lonniesm.jpgAbout the author

Lonnie Chu is a resident of Eastwood who, with her husband Dave, chose to move to the city from the suburbs because it’s more interesting and more walkable. She teaches Spanish at Onondaga Community College and English at Syracuse University when she’s not out walking around.

About Eastwood: Eastwood is a neighborhood that is located in the northeast corner of the city of Syracuse, in the central part of New York State. This puts it within 100 miles of Canada, while New York city is 250 miles away. Eastwood was originally a village that was incorporated into the city of Syracuse early in the 20th century. It still retains its village feel, with a business corridor, a complete diversity of businesses, and many styles of residential mini-neighborhoods. Eastwood has a great number of community organizations, including Tomorrow’s Neighborhoods Today (TNT), the Eastwood Neighborhood Association (ENA), the Sunnycrest Park Association, the Eastwood Chamber of Commerce and many Neighborhood Watch Groups. You are encouraged to join the Walkable Eastwood email group to learn more about this welcoming, cohesive neighborhood.

About pedestrian-friendly vs. auto-centric streetscapes This blog has been created for the purpose of having one spot in which information in support of developing a walkable community can be gathered and published. We hope that this site will contribute to communication among Eastwood (Syracuse, NY) neighbors as well as be a source of information for other neighborhoods in Syracuse and beyond. We like… Pedestrian-friendly streets designed on a human scale: Pedestrian-friendly street scene, businesses close to the sidewalk
Human scale: How big the buildings, open spaces and streets are (especially intersections) in comparison to the human body and… how safe and happy you feel when walking through those spaces. A more accurate definition: The proportional relationship of a particular building, structure, or streetscape element to the human form and function. “Human scale” often refers to the subjective objective that the relationship between a person and his or her natural or man-made environment should be comfortable, intimate, and contribute to the individual’s sense of accessibility.We don’t like… …businesses set back from the curb on huge lots:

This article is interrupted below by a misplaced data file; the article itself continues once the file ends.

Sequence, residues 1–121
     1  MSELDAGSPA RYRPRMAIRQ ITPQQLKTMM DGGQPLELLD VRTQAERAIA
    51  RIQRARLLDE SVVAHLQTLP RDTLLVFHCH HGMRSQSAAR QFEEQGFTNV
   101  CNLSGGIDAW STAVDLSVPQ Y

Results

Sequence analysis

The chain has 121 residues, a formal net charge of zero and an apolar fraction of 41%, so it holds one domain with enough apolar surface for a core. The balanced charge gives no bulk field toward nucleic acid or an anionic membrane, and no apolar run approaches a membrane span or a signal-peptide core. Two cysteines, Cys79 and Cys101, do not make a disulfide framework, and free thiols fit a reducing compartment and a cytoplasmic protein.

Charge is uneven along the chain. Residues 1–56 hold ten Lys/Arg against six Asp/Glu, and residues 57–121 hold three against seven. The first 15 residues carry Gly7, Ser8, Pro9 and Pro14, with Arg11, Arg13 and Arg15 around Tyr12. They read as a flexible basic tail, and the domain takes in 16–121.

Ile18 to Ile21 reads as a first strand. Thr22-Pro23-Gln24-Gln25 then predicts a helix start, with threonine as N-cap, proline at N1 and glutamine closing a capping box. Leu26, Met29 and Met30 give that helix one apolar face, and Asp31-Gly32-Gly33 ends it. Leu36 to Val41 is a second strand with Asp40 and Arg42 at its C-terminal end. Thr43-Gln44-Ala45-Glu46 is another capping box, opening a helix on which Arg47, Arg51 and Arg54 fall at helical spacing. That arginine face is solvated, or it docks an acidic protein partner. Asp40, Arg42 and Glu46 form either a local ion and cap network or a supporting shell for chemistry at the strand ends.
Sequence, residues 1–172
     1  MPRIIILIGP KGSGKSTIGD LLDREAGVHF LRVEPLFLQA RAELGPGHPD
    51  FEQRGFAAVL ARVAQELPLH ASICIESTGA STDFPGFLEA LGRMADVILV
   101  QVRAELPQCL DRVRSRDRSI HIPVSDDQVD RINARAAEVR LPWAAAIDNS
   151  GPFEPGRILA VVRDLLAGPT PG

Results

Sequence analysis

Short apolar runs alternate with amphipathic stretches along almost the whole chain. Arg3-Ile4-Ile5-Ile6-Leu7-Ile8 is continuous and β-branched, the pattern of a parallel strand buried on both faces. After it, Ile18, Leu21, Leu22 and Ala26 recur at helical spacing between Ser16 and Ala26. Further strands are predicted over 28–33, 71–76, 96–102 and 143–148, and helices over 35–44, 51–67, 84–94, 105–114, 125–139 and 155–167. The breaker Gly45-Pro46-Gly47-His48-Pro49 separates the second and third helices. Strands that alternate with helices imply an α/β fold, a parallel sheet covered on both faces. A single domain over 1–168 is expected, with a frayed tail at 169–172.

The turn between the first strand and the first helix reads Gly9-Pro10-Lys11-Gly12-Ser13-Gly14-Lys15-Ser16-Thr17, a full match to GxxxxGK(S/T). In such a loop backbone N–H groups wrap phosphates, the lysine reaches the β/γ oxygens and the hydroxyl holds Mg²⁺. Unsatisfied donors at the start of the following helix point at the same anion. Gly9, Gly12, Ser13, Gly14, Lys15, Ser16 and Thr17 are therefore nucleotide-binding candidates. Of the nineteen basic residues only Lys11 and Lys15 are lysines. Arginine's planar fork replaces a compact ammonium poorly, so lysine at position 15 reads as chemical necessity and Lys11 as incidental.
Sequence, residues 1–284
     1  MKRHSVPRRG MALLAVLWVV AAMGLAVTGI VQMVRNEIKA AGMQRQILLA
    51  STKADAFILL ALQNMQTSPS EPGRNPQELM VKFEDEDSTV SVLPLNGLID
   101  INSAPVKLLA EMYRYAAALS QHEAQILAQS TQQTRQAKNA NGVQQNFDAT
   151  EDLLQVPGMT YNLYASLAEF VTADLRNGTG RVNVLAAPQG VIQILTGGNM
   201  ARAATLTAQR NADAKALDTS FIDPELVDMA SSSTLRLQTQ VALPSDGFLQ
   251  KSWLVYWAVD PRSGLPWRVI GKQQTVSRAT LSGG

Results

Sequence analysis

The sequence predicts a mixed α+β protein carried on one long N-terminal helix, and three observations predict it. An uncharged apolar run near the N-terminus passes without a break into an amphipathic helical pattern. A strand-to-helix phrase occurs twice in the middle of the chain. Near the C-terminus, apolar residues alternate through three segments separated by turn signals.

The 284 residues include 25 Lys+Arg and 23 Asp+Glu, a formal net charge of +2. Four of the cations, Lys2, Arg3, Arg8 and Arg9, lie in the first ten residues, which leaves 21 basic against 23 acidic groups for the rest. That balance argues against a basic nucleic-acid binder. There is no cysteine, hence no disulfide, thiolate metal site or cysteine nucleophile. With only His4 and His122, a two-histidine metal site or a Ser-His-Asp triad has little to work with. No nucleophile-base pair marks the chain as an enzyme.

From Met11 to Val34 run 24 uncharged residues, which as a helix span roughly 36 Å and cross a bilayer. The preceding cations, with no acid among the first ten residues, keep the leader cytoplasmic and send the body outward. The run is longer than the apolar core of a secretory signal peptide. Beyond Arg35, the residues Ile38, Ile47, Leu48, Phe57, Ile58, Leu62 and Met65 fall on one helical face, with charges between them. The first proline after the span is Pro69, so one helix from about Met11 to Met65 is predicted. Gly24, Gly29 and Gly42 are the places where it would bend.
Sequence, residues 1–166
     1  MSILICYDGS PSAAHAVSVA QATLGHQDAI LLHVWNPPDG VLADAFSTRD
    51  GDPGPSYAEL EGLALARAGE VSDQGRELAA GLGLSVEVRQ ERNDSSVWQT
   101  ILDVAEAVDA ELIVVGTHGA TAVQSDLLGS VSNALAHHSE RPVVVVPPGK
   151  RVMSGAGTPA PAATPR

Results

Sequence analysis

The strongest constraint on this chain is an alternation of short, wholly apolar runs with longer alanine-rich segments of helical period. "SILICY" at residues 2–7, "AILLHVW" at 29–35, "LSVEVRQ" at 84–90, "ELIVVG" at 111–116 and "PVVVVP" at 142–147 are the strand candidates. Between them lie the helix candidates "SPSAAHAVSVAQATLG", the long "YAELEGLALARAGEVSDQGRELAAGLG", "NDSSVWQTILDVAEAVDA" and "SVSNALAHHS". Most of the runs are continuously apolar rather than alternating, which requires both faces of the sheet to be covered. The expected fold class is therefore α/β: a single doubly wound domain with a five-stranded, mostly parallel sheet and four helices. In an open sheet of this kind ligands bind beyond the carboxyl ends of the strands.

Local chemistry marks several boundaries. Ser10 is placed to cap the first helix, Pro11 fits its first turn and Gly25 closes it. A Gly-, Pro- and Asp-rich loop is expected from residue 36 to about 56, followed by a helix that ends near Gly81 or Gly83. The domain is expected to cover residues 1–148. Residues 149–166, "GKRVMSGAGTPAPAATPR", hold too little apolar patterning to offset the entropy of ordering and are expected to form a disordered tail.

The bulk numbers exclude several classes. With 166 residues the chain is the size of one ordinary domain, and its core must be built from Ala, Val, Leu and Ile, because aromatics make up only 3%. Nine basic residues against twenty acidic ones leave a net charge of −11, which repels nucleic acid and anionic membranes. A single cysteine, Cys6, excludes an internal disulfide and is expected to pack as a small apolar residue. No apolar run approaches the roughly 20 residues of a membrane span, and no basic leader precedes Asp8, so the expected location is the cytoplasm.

dystopia2sm.jpg This area is designed on an automobile scale. The distances are huge for anyone walking. Would you try to cross this road? Even getting from one business to the next on foot is nearly impossible unless the weather is perfect and you’re in excellent shape. Imagine this building on a city corner…. in winter. Or in blazing summer heat:
Drug store with access only for cars, set back far from street There is no place for pedestrians. They have to cross an auto-friendly wasteland to get to an overlarge building.

Sign reads: Boring Rexall Drugs. Store is up against sidewalk.Okay, so this is a “Boring Rexall” drug store. But to anyone walking on this city street, it’s fun to look in the window and easy to get in. And the next store is right next door.

Remember when Eastwood was even more pedestrian-friendly? Eastwood in the 1930’s Eastwood’s James St. in the 1930’s


Ingredients of a Walkable Street

“How does a community create “walkable” streets? Streets that feels safe for all – particularly seniors and children? Streets that are sociable due to large numbers of pedestrian users? Streets that are richly interesting? Streets that provide comfort? Streets that breed a strong sense of civic pride?

“There are a number of essential ingredients that a community must use to craft and sustain a walkable street.”

Urban Advantage
Photo-realistic visualizations that make development visions palpably real and understandable. One of the very best sites I’ve seen on walkability.

Economic Benefits of a Walkable Community
“Economic development planning in communities of all size should recognize the importance of walkability. Local investment in pedestrian-oriented infrastructure and land uses can improve walkability and economic viability.

The Economic Benefits of Walkable Communities
This is actually a different but no less interesting article.

“According to a 1998 analysis by ERE Yarmouth and Real Estate Research Corporation, real estate values over the next 25 years will rise fastest in “smart communities” that incorporate traditional characteristics of successful cities including a mix of residential and commercial districts and a ‘pedestrian-friendly configuration.'”

Economic Value of Walkability
An in-depth look at the same issue as above.

Center for Community Economic Development
A set of excellent articles. “The Center for Community Economic Development, University of Wisconsin Extension, creates, applies and transfers multidisciplinary knowledge to help people understand community change and identify opportunities.”